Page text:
Get ready to finally embrace your short stature, Skee-Lo!
We've long known that short people live longer than the taller among us. Past studies have examined the relationship between height and lifespan of populations around the world, suggesting that shorter people generally live longer lives, while taller people are more likely to have certain illnesses and develop various types of cancer.
Now, thanks to new research published in the journal PLOS ONE, researchers have finally discovered the secret behind shorter people's longevity: It's in their genes.
Using data from a long-term observational study of Japanese-American men in Hawaii, researchers demonstrated that a gene linked to longevity, called FOXO3, is also linked to body size. What's more, researchers found that the shorter a person was, the more likely they were to have a long life.
In one of the world's largest and longest-running studies of aging men, researchers at the University of Hawaii John A. Burns School of Medicine, Kuakini Medical Center and U.S. Veterans Affairs ran an analysis by dividing more than 8,000 subjects into two height groups -- 5'2" and shorter and 5'4" and taller -- and looking at their heights, health and death rates over a 40 year period.
"The folks who were 5'2" and shorter lived the longest," Dr. Bradley Wilcox, a researcher and professor at the UH Manoa's Department of Geriatric Medicine, told Hawaii News Now. "They also had lower fasting insulin levels and got less cancer."
And while 5'2" is very short -- the average height of an American male is 5'9" -- the results were heartening for "taller" short guys too: Data showed that lifespan and stature were linked so that the taller a man was, the shorter his lifespan was as well:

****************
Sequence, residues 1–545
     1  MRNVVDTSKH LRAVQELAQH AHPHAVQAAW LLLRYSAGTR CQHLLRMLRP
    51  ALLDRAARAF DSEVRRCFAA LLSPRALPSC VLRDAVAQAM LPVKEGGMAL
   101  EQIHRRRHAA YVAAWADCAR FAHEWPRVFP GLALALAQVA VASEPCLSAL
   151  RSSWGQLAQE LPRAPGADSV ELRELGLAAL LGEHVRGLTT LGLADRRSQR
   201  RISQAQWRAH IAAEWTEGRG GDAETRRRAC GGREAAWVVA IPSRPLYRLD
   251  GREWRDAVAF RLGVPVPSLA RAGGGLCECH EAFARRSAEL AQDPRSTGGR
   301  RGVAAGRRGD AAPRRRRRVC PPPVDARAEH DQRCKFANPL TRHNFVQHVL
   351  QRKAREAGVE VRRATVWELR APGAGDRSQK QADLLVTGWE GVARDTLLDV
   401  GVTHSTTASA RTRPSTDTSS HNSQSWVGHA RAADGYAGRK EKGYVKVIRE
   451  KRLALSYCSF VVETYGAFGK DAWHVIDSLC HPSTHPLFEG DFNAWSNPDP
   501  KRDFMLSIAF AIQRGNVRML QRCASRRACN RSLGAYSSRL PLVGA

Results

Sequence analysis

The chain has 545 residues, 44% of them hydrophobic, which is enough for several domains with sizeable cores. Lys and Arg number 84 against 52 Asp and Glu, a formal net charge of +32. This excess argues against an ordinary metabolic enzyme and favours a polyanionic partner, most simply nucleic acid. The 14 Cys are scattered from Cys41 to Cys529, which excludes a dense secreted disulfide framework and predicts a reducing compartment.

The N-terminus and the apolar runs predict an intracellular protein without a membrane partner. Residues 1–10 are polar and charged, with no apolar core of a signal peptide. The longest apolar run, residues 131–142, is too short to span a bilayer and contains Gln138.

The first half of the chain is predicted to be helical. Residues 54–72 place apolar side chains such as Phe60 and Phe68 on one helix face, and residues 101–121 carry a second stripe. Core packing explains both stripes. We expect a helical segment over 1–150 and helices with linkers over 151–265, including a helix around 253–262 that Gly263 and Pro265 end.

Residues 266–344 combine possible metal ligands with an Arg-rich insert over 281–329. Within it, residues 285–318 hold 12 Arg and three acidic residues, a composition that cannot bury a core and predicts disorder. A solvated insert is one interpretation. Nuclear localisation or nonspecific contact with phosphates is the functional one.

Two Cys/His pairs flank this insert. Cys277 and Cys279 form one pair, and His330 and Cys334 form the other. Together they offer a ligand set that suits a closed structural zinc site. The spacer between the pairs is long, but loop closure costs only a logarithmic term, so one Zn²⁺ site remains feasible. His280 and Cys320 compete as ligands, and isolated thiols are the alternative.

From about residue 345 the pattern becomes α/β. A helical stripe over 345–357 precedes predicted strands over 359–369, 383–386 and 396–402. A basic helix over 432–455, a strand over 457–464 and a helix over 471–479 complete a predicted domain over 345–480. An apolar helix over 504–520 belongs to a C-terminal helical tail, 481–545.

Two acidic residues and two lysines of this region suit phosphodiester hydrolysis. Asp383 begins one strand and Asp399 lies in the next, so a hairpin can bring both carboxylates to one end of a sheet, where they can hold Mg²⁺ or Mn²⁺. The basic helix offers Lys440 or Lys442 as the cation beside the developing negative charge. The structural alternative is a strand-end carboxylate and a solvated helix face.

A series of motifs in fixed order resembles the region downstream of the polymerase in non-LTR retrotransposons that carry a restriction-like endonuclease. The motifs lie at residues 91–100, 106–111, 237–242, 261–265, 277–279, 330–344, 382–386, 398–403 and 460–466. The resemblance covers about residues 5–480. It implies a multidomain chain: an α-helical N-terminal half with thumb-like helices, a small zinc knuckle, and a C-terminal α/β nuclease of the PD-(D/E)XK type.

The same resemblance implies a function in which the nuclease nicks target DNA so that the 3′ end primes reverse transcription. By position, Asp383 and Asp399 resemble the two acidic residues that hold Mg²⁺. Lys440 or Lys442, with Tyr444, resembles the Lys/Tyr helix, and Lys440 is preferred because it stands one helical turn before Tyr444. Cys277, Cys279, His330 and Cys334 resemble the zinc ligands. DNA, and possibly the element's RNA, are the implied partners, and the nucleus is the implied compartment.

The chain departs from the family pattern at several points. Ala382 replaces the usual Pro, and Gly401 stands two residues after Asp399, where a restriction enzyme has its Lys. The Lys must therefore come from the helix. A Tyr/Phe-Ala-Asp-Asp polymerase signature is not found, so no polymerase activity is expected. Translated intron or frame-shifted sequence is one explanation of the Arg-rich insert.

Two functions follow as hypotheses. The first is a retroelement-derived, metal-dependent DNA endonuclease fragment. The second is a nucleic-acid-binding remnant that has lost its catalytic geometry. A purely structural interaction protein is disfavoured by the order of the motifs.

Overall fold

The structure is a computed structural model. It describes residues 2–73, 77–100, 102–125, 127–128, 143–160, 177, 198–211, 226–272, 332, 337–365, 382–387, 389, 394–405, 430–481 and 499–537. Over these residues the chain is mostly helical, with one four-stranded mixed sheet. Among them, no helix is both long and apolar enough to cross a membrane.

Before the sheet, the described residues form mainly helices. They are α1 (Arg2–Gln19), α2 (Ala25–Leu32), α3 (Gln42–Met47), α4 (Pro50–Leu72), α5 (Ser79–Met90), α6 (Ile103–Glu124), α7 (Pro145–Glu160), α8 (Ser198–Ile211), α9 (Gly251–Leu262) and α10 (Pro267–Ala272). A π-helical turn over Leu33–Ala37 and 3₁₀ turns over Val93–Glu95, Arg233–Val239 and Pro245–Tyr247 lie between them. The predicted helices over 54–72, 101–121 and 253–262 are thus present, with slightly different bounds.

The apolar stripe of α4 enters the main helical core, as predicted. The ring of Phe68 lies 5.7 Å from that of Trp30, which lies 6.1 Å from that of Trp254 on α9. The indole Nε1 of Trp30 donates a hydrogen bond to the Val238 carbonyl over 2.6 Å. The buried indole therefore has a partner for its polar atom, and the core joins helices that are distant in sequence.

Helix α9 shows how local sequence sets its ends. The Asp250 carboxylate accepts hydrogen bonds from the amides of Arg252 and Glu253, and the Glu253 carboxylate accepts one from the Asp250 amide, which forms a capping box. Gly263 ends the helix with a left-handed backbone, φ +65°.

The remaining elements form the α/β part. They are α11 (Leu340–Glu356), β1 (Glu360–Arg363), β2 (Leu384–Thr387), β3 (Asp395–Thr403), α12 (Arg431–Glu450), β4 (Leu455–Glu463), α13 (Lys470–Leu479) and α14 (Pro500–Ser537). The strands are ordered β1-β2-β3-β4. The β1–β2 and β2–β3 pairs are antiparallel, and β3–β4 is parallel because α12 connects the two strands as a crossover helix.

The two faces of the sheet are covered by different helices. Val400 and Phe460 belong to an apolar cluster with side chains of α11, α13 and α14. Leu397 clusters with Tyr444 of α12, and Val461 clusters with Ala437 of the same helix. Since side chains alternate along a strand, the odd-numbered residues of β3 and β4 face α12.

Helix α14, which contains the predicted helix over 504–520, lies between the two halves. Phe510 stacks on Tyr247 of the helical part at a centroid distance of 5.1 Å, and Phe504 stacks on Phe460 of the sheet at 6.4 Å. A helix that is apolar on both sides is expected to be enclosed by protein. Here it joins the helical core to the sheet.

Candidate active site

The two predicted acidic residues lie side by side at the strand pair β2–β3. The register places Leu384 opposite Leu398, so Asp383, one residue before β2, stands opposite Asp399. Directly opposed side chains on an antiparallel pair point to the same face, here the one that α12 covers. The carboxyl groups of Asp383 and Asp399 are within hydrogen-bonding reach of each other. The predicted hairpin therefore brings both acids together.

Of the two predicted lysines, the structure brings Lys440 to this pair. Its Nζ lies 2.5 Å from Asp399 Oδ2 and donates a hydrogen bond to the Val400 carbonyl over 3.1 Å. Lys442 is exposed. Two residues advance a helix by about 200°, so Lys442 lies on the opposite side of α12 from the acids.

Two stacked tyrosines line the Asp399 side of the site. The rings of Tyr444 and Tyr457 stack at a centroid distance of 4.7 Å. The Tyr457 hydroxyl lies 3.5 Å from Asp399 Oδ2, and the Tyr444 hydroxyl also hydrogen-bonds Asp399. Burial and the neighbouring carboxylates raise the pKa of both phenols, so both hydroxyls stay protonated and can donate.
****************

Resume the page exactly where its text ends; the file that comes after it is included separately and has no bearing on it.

(Story continues below.)
The research showed, for the first time, that the "longevity gene" FOXO3 is linked to human body size. "We knew that in animal models of aging. We did not know that in humans,” Dr. Willcox said in a statement. “We have the same or a slightly different version [of the gene] in mice, roundworms, flies, even yeast … it’s important in longevity across all these species."
"The small yeast, flies and mice have genes like FOXO3 that dampen insulin signaling and make them smaller from birth," said Dr. Willcox of the image above.
In order to make that same connection with their human subjects, Dr. Willcox and his team compared the genotypes of men that lived to be 95 years and older with those in the study who lived an average lifespan.
"What we found was that those who lived a long time versus those who lived an average time tended to have a certain version of the FOXO3 gene," Dr. Willcox told HuffPost. They discovered that people with the "protective" version of the gene had double the odds of living to 100 -- triple, if the person inherited that gene from both parents.
"If you're bigger you have more cells, so you have to grow more and you use up a lot of those cells," researcher Dr. Tim Donlon theorized to Hawaii News Now. "My feeling is that if you're shorter, you have a reserve of cells you can use later in life, and that might have some impact on why shorter people or smaller people have a longer life span."
As Hawaii News Now points out, the longevity gene acts "like a stress resistance gene. It sees problems and fixes them. For example, if there are too many cancer cells around, it will eradicate them. Everyone has it, but only 4 percent of people have the protective version."
“One of the reasons why Honolulu is perfect for this kind of study is that we have the longest-lived state in the country, combined with a population that has remained, for the most part, in Hawaii," Dr. Willcox said in a statement. He also noted that “no matter how tall you are you can still live a healthy lifestyle” to make up for not having the protective FOXO3 gene.
While the study could potentially apply to women and other ethnicities, researchers say that more research is needed to verify whether the results can be generalized beyond Japanese-American men. But Dr. Willcox seems confident that it will.
"People aren't all that different. Genetically, we're all pretty similar," he told HuffPost. "If this effect applies to model organisms, than you can be pretty sure that it applies to other humans because humans are a lot more similar to each other than they are to model organisms."